Screen Color Gamut Testing

Screen color gamut represents the screen reproduction ability. In this article, I will explain the 4 most popular color gamut standards, SRGB, AdobeRGB, NTSC, and DCI-P3. Here, my approach will be more on the layman's side instead of complicated technical terms to make you understand better.

Table of Contents

What is screen color reproduction?

Before going directly into the definition of screen color reproduction, let me tell you what's the standard color gamut. The standard color gamut that was established by IEC in 1999 is Standard Red Green Blue (SRGB).

So, the SRGB color gamut consists of three standard colors - Red, Green, and Blue. And, if you might be aware of the syntax like rgb(255,255,255). It's commonly used in web development. For each of the three colors, the values are range from 0 to 255. So, by making a combination of different values and abilities, the computer screen generates a new color.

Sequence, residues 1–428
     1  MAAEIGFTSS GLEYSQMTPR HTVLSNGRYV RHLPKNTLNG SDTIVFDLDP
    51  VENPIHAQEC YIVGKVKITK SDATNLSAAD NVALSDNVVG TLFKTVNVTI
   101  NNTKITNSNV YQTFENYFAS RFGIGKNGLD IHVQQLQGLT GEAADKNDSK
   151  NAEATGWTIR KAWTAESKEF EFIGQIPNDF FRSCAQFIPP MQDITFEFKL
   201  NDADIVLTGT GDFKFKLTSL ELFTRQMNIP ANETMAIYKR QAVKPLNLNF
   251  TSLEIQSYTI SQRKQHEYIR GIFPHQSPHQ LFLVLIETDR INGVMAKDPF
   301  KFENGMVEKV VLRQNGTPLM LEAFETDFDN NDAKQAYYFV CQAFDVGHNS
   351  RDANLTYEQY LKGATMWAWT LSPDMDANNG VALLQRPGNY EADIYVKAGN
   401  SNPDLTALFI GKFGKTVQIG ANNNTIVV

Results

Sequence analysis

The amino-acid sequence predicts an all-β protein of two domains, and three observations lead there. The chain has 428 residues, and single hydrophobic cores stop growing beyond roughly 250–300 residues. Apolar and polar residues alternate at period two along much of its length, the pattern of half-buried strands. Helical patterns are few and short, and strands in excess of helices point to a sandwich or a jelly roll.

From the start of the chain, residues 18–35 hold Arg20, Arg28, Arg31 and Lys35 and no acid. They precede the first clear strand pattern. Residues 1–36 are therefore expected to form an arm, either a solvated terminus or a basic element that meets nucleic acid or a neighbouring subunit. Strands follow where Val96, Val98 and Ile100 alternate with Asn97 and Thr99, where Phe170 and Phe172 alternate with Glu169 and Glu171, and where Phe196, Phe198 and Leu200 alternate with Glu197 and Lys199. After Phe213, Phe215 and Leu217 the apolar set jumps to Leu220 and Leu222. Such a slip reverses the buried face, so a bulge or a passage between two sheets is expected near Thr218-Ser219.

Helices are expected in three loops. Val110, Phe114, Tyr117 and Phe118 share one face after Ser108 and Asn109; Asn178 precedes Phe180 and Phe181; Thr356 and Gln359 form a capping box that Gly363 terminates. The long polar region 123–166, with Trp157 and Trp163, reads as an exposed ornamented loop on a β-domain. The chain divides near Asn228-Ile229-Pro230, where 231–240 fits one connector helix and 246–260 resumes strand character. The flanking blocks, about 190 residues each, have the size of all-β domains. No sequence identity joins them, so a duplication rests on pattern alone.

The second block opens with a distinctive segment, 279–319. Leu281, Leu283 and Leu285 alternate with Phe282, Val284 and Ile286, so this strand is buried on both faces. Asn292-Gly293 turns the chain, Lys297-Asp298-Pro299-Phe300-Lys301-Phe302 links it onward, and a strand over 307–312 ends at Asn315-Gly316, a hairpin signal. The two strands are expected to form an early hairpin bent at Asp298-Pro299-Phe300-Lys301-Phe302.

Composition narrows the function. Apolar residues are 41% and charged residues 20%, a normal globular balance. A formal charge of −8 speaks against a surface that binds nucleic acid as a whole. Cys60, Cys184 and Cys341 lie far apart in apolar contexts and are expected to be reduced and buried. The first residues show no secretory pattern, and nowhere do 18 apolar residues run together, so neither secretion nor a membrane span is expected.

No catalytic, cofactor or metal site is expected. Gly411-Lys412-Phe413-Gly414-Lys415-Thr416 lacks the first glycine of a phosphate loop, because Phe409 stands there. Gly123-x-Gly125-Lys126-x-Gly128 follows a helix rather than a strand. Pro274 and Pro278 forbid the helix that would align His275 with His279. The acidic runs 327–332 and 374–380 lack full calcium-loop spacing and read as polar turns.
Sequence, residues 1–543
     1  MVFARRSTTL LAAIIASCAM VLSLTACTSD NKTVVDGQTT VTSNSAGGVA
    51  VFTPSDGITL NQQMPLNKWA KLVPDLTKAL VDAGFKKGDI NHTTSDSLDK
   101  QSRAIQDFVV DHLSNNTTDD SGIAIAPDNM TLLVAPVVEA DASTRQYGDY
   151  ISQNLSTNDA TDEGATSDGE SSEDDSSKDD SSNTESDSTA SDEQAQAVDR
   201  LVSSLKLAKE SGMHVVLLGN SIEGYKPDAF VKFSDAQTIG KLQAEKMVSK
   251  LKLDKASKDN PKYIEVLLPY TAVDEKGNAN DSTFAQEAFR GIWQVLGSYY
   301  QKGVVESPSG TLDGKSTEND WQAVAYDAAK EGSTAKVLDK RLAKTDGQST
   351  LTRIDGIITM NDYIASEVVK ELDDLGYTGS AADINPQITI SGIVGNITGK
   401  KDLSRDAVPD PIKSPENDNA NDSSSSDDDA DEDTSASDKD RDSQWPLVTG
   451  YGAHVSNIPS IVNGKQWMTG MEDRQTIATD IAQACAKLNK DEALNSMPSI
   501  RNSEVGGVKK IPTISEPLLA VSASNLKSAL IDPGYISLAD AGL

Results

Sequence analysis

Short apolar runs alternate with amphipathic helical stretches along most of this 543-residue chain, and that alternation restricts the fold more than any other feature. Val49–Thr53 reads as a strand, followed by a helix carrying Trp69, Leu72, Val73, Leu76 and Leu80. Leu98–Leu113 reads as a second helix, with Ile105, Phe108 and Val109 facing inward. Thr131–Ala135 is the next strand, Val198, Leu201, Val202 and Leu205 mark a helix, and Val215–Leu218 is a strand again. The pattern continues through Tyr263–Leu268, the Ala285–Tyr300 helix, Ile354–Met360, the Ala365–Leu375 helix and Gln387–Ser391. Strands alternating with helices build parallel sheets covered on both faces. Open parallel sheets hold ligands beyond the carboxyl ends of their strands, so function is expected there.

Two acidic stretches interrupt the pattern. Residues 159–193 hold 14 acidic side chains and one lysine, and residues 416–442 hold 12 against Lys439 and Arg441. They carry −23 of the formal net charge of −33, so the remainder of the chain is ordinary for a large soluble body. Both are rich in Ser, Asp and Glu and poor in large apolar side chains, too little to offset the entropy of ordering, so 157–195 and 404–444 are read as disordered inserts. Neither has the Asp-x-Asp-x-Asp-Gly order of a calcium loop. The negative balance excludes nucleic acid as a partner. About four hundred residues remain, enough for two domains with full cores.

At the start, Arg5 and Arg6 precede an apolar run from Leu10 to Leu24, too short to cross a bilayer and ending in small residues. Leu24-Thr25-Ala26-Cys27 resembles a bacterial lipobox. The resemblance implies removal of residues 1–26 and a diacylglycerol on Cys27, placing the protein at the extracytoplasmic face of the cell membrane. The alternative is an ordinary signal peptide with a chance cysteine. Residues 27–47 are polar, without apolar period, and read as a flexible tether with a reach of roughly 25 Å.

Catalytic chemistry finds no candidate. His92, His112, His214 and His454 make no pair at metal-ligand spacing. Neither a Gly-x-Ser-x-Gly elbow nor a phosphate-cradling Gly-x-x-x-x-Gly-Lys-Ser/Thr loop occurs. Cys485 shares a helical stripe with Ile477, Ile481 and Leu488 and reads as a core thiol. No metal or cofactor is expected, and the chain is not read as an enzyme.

So, that's known as the color reproduction ability.

By the simple definition, screen color reproduction is the ability of the screen to reproduce the color. If you find a term like 95% of SGB, then it means the screen can reproduce the 95% of total colors available in SRGB space.

Thus, way other screen color gamuts like AdobeRGB, DCI-P3, and NTSC are being used. But for different purposes. I will explain to you each standard in detail.

Standard Red Green Blue (SRGB)

As I have mentioned that it's a standard developed for almost all devices that are related to color reproduction. If you go back in history, then you will find that it was mainly developed to output the common quality of colors from devices like Printers, Monitors, Cameras, and others.

Do you know how many colors are available in SRGB space?

The number is 16.7M colors.

Well, It's easy to understand how this is coming. Earlier I have said that each of the three colors, Red, Green, and Blue, varies from 0 to 255 in values. Hence, you can do the combination by varying each value with others.

So, it will be like 255 x 255 x 255 = 16.7M.

Hence, If you read the term like 95% of SRGB while buying a laptop, monitor, mobile, or any other device that's related to color reproduction, then it means that the device you're just seeing right now is capable of re-producing 95% of 16.7M colors.